Blogger Widgets
News Update :

Top 10 Facts About Asia’s Natural Disasters In 2012

Jan 17, 2013

Here are the top ten facts about natural disasters in Asia in 2012, based on data released by the UNISDR and CRED on December 11. 
between January and October, natural disasters in Asia still claimed more lives here than anywhere else in the world – and experts predict the trend will continue as populations and industries expand in a region that already houses the world’s largest number of urban residents. 

“Cities are growing. There will be even more people and factories. If you think we have a problem now, we will have even more in the future,” said Jerry Velasquez, head of the Asia-Pacific office for the UN Office for Disaster Risk Reduction (UNISDR). The agency estimates the number of people living in flood-prone urban areas in East Asia may reach 67 million by 2060.

Here are the top ten facts about natural disasters in Asia in 2012, based on the preliminary 2012 data on natural disasters in 28 Asian countries released by UNISDR and Center for Research on the Epidemiology of Disasters (CRED) on December 11.
1. Natural disasters caused US$15 billion in damage to Asian countries.
Countries in the region reported 83 disasters – mostly floods – in 2012. The disasters killed some 3,100 people, affected 64.5 million and left behind US$15 billion in damage.

2. The worldwide death toll was 5,400.
Worldwide, 231 disasters killed some 5,400 people, affected 87 million and caused US$44.6 billion in damage.

3. 78 million people were affected by natural disasters in Asia.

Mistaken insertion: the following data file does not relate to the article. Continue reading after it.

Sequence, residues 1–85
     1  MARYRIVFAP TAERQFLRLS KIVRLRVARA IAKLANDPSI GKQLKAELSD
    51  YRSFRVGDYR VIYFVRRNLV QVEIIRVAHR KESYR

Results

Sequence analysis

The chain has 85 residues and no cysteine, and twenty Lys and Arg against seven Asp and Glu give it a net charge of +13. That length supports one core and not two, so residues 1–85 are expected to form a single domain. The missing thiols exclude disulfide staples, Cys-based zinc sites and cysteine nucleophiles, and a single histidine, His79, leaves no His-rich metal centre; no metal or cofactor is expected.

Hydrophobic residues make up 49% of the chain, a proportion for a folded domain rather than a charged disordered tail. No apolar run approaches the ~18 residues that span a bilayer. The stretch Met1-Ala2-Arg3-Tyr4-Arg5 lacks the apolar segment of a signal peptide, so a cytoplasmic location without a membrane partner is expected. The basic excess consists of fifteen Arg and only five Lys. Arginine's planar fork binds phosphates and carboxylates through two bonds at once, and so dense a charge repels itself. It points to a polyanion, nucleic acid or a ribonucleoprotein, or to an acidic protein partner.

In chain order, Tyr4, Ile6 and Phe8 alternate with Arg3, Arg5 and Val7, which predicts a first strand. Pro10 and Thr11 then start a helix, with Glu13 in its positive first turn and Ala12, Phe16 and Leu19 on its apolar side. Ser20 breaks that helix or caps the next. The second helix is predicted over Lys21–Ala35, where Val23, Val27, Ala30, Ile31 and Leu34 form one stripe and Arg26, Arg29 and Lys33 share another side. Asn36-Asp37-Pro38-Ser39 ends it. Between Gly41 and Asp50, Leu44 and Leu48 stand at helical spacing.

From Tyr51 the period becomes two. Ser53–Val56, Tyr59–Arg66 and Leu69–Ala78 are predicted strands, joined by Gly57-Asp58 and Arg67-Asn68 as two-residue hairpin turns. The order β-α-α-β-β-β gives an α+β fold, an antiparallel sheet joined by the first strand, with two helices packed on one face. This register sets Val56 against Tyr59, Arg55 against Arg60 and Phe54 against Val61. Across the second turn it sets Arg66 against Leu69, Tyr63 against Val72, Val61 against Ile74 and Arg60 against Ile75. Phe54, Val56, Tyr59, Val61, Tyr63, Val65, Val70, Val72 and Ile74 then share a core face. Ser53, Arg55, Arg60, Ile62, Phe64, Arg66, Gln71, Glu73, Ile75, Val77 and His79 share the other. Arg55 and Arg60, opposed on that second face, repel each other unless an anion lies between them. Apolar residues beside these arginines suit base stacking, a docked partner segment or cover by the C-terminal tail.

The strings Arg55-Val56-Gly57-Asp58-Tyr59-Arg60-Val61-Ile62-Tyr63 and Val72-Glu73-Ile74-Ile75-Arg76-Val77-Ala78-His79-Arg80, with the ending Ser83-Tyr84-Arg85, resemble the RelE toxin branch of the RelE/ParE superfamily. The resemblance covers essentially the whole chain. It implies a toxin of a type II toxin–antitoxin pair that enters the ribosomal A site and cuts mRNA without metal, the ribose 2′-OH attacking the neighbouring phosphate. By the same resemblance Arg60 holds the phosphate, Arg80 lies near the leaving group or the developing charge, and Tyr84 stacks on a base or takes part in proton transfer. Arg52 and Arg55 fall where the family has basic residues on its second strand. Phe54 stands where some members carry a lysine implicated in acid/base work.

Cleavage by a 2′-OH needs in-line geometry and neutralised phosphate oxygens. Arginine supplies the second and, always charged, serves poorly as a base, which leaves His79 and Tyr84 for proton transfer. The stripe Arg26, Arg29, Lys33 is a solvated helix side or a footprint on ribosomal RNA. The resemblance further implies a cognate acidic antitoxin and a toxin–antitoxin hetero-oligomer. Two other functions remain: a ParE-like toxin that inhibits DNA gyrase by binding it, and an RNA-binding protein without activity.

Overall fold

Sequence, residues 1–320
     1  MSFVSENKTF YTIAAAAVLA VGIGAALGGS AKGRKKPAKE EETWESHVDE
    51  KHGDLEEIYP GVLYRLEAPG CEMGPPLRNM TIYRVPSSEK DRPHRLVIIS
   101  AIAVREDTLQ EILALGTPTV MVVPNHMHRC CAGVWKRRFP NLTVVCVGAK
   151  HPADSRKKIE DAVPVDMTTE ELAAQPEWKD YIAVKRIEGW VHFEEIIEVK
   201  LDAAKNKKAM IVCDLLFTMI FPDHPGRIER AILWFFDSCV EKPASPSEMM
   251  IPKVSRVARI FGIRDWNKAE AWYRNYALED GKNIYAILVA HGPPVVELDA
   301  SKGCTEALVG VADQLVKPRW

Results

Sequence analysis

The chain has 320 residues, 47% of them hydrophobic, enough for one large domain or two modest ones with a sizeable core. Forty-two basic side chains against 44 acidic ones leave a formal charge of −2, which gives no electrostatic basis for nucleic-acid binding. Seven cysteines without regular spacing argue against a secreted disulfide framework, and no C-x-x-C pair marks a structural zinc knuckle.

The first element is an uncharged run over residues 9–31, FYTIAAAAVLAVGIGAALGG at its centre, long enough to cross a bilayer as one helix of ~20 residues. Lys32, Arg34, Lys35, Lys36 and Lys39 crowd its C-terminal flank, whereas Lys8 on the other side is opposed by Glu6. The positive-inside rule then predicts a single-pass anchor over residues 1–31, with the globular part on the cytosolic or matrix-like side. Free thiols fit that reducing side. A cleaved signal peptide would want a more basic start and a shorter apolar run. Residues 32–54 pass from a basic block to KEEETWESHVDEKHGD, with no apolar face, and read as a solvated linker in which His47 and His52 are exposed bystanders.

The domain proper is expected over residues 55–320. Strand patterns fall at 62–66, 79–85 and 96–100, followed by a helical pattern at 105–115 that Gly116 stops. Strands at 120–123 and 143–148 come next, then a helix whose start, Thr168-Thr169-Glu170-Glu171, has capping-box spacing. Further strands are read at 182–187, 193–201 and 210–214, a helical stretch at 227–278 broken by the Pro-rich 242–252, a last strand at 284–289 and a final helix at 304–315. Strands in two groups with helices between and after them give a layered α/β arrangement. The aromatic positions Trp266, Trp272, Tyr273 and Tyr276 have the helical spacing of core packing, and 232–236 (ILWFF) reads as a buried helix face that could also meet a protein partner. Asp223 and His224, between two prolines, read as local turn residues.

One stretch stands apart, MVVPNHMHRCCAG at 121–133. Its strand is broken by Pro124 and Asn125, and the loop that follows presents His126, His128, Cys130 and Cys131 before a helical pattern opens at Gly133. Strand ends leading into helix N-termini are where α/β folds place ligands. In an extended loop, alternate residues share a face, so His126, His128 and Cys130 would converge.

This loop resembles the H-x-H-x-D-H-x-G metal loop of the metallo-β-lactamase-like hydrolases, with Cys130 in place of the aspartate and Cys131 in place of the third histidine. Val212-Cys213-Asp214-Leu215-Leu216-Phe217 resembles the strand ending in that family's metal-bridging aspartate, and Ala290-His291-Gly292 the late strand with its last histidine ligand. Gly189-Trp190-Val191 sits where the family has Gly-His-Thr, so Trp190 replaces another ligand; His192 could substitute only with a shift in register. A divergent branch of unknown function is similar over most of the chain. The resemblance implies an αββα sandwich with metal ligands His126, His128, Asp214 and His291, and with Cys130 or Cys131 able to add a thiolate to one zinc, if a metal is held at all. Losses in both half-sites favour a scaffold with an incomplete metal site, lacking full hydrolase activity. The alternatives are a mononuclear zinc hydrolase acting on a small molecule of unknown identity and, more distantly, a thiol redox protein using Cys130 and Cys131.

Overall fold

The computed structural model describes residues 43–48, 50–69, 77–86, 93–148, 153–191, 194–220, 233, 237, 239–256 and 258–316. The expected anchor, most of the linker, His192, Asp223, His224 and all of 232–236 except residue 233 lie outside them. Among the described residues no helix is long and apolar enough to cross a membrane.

From 1950 to 2011, nine out of 10 people affected by disasters worldwide were in Asia.

4. One of the hardest hit countries in 2012 was the Philippines.
One of the region’s hardest-hit countries this year (and this past decade) was the Philippines. Since 2002, the country has had 182 recorded disasters, which killed almost 11,000 people. This figure does not include the storm that hit the country’s south on December 4; more than 600 were killed in that event, and some 800 are still reported missing.

5. China had three of the top five natural disasters this year.
Of the top five disasters that created the most damage this year, three were in China, and the other two were in Pakistan and Iran. Cumulatively, these events resulted in an estimated US$13.3 billion in damage. 

6. China had 18 disasters in 2012.
China led the list of most disasters in 2012 (18), followed by Philippines (16), Indonesia (10), Afghanistan (9), and India (5).

7. Only China suffered from multiple types of natural disasters.
China was the only “multi-hazard”-prone country. In the others, including Pakistan, 85 percent of damage came from one event, calling into question efforts to cultivate “multi-hazard” resiliency, said CRED.
8. Countries tend to face specific types of hazards.
Two-hazard countries included Afghanistan (drought and flood); Bangladesh and Vietnam (flood and storm); and India, Malaysia, Pakistan, and Sri Lanka (flood and earthquake).

9. Preparedness for disasters varied between countries.
In the past decade, Indonesia and the Philippines have had many disasters but relatively few affected people, while Bangladesh and Thailand have had fewer disasters and more affected, while Pakistan and Vietnam fell in between the two categories. These numbers offer a sign of how prepared these respective countries were to face emergencies, researchers noted.

10. Floods in Pakistan and China led to economic loss in the region.
Pakistan suffered large-scale loss of life from floods for the third successive year; from August to October, 480 people died in floods. June-July floods in China affected over 17 million people and caused the most economic loss in the region – US$4.8 billion.

Share this Article on :


Post a Comment


© Copyright Sharing Knowledge 2010 -2011 | Design by Newsupdate 2012 | Published by Newsupdate 2012 | Powered by